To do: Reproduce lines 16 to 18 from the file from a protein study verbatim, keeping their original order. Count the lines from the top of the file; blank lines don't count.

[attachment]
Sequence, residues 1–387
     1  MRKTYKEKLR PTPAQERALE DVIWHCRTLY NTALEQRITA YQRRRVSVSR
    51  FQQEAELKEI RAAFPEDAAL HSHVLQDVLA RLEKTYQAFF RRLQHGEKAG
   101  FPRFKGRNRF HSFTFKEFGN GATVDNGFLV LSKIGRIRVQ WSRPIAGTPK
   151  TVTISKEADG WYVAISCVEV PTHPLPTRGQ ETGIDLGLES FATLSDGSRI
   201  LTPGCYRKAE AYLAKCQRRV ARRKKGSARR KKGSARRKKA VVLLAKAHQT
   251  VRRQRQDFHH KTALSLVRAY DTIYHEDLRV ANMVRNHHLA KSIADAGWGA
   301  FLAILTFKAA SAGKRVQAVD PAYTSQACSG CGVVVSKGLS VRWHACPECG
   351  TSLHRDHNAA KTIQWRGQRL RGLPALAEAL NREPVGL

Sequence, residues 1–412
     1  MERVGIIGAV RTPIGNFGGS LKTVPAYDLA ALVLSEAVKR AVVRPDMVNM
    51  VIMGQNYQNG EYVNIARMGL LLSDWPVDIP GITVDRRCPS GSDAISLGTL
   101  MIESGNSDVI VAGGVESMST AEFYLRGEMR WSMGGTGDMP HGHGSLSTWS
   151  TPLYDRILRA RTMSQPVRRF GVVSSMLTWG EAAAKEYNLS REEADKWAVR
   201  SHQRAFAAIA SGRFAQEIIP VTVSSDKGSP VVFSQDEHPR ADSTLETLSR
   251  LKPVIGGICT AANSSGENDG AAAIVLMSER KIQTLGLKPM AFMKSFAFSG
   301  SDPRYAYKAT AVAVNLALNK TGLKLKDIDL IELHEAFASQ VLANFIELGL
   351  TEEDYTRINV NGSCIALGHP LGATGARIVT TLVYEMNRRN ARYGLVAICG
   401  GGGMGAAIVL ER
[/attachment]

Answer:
   251  LKPVIGGICT AANSSGENDG AAAIVLMSER KIQTLGLKPM AFMKSFAFSG
   301  SDPRYAYKAT AVAVNLALNK TGLKLKDIDL IELHEAFASQ VLANFIELGL
   351  TEEDYTRINV NGSCIALGHP LGATGARIVT TLVYEMNRRN ARYGLVAICG